Heck, that sounds like and idea. Who knows editors for newspapers?


  18. Brendan says:


    I love that you brought this up. Accountability is the problem. Journalism was given a shield to protect from giving up their sources for a reason, and this article does not demonstrate anything of that nature. In fact, for all we know, the source for the article could have been Shaikin’s uncle Ted who watches a lot of sports and thought this is what happened. We don’t know because he never bothers to make a distinction.

    Another troublesome thing I see is some of the comments referring to “implicit proof” and assuming Shaikin would not make it up. Who decides when you have earned the benefit of the doubt? Should the decider of truth be the editor who needs to sell papers or be fired? Facts equal truth, and if you can’t back up your writing with facts, then stop writing.

  19. walkoff59 says:

    I bet the other 90 % of the teams “inquired” about them as well – in one form or another.

    in·quire (n-kwr) also en·quire (n-)
    v. in·quired also en·quired, in·quir·ing also en·quir·ing, in·quires also en·quires
    1. To seek information by asking a question: inquired about prices.
    2. To make an inquiry or investigation: inquire into the extent of the corruption.
    1. To ask about.
    2. To ask: “I am free to inquire what a work of art means to me” (Bernard Berenson). See Synonyms at ask.
    Phrasal Verb:
    inquire after
    To ask about the health or condition of.

  20. Karen says:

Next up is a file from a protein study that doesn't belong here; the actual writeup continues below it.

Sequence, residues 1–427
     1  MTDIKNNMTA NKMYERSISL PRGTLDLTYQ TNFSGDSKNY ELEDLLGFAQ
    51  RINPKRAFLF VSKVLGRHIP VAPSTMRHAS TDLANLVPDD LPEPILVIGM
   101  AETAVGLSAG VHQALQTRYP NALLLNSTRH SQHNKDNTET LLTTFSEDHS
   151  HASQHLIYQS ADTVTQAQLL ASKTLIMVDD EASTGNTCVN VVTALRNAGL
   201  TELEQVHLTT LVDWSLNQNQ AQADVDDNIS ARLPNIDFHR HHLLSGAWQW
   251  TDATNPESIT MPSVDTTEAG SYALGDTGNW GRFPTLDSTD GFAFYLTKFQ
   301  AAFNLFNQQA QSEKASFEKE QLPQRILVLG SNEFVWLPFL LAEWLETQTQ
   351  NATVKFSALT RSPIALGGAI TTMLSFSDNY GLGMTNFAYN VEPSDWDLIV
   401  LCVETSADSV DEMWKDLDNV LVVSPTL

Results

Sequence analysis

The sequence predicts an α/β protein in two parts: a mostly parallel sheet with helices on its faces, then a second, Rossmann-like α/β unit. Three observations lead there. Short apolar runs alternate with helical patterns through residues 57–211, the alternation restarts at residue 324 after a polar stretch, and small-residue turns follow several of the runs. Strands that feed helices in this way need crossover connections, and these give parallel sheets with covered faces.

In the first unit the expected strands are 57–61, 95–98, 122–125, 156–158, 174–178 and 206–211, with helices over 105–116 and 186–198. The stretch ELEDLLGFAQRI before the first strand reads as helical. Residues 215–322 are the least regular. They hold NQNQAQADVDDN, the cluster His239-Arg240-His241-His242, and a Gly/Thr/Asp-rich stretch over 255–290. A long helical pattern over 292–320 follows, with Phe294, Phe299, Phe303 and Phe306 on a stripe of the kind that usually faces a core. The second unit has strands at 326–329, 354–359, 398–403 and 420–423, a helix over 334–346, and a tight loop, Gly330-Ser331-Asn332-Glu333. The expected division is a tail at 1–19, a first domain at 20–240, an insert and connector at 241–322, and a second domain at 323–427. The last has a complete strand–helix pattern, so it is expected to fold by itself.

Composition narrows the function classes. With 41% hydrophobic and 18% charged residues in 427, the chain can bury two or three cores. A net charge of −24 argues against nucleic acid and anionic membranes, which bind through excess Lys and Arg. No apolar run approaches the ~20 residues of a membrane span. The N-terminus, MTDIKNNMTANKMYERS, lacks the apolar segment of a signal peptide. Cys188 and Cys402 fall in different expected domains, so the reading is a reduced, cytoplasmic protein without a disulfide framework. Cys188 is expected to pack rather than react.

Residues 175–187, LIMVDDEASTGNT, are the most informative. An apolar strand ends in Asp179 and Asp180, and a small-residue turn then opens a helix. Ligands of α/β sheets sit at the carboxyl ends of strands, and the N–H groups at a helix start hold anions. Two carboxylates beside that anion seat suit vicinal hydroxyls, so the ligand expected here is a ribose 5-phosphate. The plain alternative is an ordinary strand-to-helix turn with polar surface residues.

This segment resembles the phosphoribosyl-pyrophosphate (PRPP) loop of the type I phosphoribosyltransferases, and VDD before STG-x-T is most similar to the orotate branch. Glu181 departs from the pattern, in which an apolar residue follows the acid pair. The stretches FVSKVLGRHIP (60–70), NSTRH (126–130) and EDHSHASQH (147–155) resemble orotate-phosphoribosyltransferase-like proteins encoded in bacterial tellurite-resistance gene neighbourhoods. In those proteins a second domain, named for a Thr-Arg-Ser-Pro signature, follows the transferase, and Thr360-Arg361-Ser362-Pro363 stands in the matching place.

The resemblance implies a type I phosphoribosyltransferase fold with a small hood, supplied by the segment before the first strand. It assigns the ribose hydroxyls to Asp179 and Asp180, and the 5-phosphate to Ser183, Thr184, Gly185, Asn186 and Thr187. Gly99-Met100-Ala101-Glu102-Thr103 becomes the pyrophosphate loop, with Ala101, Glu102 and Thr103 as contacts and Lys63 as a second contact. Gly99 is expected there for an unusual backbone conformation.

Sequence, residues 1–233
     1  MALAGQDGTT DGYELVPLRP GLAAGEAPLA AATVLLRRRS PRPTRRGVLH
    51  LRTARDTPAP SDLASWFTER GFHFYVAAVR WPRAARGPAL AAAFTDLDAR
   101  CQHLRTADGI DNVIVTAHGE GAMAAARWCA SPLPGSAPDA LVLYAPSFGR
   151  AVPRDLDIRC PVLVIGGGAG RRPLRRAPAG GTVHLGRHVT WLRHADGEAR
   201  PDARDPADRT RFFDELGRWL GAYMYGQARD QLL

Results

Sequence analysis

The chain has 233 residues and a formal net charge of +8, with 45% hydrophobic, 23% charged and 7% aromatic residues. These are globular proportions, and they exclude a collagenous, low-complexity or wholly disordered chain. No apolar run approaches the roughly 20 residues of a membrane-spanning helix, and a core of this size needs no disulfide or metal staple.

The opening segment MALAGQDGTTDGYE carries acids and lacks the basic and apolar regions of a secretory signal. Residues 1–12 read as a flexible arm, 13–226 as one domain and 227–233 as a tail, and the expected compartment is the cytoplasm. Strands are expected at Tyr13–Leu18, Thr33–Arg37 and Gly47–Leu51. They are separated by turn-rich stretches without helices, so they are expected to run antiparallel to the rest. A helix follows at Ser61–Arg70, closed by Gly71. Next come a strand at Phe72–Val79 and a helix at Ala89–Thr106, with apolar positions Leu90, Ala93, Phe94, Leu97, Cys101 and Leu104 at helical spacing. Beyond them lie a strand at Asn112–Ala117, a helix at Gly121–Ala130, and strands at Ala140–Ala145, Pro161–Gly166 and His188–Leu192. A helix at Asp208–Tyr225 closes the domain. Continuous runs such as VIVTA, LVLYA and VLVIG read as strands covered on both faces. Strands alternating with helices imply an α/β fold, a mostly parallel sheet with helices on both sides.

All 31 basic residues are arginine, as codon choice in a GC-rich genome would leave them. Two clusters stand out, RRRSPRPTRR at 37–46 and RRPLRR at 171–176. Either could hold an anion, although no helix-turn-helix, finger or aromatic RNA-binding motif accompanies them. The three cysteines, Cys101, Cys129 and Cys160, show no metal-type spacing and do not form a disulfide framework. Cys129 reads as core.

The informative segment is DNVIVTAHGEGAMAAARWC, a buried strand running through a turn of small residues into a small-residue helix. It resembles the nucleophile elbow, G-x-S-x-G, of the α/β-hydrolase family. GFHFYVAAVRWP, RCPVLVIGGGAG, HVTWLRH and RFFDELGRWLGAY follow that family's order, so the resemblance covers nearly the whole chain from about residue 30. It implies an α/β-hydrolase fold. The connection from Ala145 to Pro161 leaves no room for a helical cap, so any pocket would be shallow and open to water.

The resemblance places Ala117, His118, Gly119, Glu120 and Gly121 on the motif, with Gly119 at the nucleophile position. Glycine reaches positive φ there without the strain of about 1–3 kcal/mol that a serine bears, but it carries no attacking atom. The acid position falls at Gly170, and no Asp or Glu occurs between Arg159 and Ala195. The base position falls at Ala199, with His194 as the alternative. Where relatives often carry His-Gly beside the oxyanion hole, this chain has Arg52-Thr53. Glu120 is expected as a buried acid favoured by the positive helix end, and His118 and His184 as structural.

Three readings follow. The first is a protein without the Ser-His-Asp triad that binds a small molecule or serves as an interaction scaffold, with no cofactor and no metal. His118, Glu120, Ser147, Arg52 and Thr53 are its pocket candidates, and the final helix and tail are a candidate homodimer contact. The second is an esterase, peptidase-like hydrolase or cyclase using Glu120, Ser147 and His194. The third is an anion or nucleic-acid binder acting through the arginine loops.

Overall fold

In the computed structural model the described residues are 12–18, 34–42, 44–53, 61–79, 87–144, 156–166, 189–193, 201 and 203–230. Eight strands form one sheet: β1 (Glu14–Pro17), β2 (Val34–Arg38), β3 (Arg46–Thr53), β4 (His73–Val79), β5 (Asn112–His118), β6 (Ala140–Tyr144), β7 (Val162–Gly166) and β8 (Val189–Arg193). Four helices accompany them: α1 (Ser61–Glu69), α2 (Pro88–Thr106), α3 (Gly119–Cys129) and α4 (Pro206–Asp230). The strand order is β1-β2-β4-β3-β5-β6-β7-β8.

To answer your main question–yes, I care. As an historian, I expect evidence to support an argument or statement. If there is no evidence, then I just dismiss it as hearsay–which is what I would do with this article. I have seen enough stories to suspect that Roy Oswalt, for instance, would be amenable to a trade to a contender, especially given the poor run support he has received this year. That doesn’t mean, though, we can automatically presume that he will end up in a Dodgers uniform, or Phillies, or Yankees, or Red Sox…you get my point. Before the Astros trade Oswalt, they would need to make sure that they are getting at least equal value (or, hopefully, greater value) through prospects and close-to-major league ready talent (which would pretty much eliminate the Phillies, for instance, because they traded away a boatload of talent to get Roy Halladay last fall). Oswalt is still under contract through 2011, so he does have value beyond this year. Cliff Lee will be a free agent after this season, so the Mariners probably would have lower demands–just get back the equivalent of what they gave up to acquire him from the Phillies last winter, because they probably won’t be able to resign him (not necessarily because they don’t have the money, but because after experiencing the World Series last fall he would want to go to a contender). It certainly is easy enough for someone to verify quotes made by general managers, managers, owners, players, etc., so the idea that people would read an article like this one and believe it without questioning its veracity is mind-boggling. What particularly is astounding is the idea that McCourt would be willing to add salary, when the Dodgers really weren’t major players in free agency last year because of the financial ramifications of the McCourts’ divorce. I guess Shaikin wasn’t expecting anyone to question his sources, since he didn’t provide us with any to verify.